Conspiracy theories quickly give a fallacious explanation of a reality that can be stressful and traumatic. Thinking that a small group of people caused all catastrophes helps people and human groups to cope with this trauma, overcome their stress, accept the situation and adapt to the new reality.

Therefore, it can be concluded that conspiracy theories are useful even if this contradicts the way they are usually presented. Conspiracy theories brings more good than bad.


This case is an example of how a harmful disinformation claim can be mendaciously disguised as an "opinion". The argument that conspiracy theories bring more good than bad, especially in context of the present pandemic, flies in the face of reality. Extensive research and analysis details the dangerous consequences of belief in conspiracy theories, including the negative impact they may have on public health. This claim is part of the pro-Kremlin disinformation effort to legitimise conspiracy theories.

While it is true that conspiracy theories can provide convenient explanations of a reality that's stressful and traumatic, it is false and irresponsible to suggest that they play a positive role in helping accept reality or adapt to a new situation. In his book The Opium of Fools, Rudy Reichstadt denounces the excessive indulgence intellectual circles have towards conspiracy theories. Reichstadt argues that conspiracy theories do not constitute psychological help to cope with traumas; while faith helps, incorrect knowledge does not. Furthermore, in crisis situations, the spread of conspiracy theories can seriously jeopardize public health.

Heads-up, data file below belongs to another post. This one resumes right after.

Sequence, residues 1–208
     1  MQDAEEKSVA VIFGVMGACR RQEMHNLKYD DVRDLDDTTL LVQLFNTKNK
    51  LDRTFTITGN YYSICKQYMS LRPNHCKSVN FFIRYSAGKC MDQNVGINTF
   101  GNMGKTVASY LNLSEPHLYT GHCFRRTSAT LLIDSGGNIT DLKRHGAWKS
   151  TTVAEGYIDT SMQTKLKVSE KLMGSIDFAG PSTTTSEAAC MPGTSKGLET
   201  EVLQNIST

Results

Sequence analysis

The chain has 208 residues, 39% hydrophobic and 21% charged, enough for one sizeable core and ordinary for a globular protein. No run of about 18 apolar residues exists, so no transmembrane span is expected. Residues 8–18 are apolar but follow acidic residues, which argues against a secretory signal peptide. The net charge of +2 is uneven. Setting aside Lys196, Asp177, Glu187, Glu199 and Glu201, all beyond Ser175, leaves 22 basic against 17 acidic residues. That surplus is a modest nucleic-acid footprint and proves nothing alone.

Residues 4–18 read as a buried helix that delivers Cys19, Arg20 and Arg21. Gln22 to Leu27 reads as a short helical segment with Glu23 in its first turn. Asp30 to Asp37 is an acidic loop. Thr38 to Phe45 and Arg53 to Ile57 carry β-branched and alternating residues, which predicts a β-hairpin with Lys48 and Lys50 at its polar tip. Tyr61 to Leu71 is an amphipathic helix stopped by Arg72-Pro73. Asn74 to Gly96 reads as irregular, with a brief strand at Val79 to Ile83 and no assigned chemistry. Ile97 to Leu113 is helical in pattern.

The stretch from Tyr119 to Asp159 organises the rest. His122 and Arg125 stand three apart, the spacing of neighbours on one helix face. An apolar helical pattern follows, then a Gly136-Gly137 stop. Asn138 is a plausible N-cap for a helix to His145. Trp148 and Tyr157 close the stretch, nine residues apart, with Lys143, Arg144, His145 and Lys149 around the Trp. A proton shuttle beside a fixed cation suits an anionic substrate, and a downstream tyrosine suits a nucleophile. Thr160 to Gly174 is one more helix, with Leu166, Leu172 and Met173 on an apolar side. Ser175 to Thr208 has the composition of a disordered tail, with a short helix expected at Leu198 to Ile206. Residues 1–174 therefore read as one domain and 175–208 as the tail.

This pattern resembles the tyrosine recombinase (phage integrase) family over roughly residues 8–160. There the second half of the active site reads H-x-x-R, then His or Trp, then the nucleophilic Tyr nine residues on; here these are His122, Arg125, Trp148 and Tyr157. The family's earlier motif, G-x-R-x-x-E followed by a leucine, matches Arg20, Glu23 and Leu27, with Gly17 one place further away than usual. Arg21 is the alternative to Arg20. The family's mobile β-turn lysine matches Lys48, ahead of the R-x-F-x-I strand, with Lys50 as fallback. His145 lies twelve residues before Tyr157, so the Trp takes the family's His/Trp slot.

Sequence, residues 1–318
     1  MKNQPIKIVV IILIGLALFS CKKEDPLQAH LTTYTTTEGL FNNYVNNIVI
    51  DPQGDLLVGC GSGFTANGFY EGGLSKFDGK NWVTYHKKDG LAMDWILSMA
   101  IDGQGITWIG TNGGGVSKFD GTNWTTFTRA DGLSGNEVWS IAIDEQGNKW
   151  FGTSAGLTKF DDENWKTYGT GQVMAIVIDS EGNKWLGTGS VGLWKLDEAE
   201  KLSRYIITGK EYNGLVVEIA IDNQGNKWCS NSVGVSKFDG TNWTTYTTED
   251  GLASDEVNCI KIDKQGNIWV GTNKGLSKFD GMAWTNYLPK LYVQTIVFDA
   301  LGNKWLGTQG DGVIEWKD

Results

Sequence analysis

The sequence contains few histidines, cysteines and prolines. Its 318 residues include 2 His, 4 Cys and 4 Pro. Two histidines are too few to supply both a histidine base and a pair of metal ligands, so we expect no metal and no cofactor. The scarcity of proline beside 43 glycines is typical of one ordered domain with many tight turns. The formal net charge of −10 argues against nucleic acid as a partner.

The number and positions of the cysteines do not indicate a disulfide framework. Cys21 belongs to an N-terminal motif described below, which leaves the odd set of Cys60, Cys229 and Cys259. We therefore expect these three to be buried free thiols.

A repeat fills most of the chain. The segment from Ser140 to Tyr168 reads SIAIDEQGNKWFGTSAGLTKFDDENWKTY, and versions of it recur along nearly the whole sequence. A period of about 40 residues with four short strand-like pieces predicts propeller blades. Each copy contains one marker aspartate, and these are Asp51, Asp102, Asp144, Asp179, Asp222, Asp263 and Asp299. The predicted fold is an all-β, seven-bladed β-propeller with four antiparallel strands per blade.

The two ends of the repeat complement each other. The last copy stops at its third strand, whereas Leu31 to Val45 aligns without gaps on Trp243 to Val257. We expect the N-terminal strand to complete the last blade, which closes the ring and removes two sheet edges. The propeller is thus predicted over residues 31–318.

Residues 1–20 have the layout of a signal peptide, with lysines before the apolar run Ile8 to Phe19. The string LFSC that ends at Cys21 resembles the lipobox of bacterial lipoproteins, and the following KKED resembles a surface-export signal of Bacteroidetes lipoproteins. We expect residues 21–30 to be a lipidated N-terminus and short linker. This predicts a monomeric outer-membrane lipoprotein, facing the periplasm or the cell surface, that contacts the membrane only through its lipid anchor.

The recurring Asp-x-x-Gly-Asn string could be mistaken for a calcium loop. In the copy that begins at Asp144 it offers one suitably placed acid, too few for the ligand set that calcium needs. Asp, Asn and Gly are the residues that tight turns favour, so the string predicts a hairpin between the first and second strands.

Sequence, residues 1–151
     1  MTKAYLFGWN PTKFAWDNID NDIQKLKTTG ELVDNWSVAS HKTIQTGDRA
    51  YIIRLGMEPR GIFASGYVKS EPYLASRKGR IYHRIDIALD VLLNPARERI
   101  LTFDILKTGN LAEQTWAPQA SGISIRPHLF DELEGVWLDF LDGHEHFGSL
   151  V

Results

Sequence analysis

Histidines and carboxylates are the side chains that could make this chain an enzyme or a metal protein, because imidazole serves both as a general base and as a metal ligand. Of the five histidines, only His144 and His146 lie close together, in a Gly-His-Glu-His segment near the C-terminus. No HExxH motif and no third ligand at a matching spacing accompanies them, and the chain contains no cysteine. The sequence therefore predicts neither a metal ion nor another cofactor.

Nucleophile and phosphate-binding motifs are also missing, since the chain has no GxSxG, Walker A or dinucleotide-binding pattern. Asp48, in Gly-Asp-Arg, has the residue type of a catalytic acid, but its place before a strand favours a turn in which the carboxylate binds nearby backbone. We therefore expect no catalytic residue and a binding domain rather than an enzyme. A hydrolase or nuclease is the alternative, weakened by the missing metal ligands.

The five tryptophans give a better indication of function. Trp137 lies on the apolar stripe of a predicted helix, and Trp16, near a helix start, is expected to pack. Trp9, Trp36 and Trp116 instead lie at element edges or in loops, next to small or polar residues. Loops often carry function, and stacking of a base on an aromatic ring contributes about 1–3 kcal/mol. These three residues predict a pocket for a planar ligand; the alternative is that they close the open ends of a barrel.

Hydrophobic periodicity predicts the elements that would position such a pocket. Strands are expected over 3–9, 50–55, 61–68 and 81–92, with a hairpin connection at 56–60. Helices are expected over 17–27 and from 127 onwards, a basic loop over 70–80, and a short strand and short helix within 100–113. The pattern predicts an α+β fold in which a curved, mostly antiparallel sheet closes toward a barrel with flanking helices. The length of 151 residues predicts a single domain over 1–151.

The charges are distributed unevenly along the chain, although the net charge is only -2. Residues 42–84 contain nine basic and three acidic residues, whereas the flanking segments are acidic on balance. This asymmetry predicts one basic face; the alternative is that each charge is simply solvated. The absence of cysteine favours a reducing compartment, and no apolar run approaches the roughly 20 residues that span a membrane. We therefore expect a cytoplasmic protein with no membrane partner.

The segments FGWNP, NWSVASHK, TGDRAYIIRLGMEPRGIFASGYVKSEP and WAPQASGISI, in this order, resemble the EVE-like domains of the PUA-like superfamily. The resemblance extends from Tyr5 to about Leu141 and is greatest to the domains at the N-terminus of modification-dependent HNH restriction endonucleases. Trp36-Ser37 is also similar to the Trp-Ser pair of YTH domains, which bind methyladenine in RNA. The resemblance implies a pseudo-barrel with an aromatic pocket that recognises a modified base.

Bloomberg fakes Putin’s approval numbers

The US news agency Bloomberg has reported, citing figures by the Russian state pollster VTsIOM, that Putin’s rating dropped to a record low of 27 percent in April as the coronavirus pandemic continues to weigh on the national economy.

The Russian Foreign Ministry slammed the report, showing that the real figures provided by VTsIOM (67-8%), which Bloomberg claimed to cite, were altered in the report.

“The editors of Bloomberg continue to show complete disrespect for its readers. They probably hope that their audience will not check Russian sources and find a real WCIOM data”, the Russian Embassy in the United States said on Twitter.


The story advances a recurring pro-Kremlin narrative which casts Western media as biased against Russia. Under this narrative, outlets such as Bloomberg will not hesitate to report bogus statistics for the sake of impressing their Russophobic prejudices on unsuspecting readers.

VTsIOM's statistics on public trust in politicians are based on two different survey questions, which in turn produce two different percentages.

Sanctions against Russia are ineffective

Sanctions against Russia are ineffective, not only did they fail to improve the situation in Ukraine, but also failed to influence the policy of Vladimir Putin. They only lead to the degradation of trust in Europe of our relation with the Russian partner.

There is now a  very important problem: the pandemic of Coronavirus. Europe should investigate the origin of the virus instead of extending the sanctions every six months, it would re-establish trust and trade within Europe with the Russians.


Recurrent narrative about the  sanctions against Russia claiming they are useless and counterproductive. An additional element is added about the origin of SARS-CoV-2.

The EU sanctions were introduced as a political response to Russia's illegal annexation of Crimea and deliberate destabilization of Ukraine. The introduction, extension or possible removal of the EU restrictive measures is not related to the COVID-19 pandemic.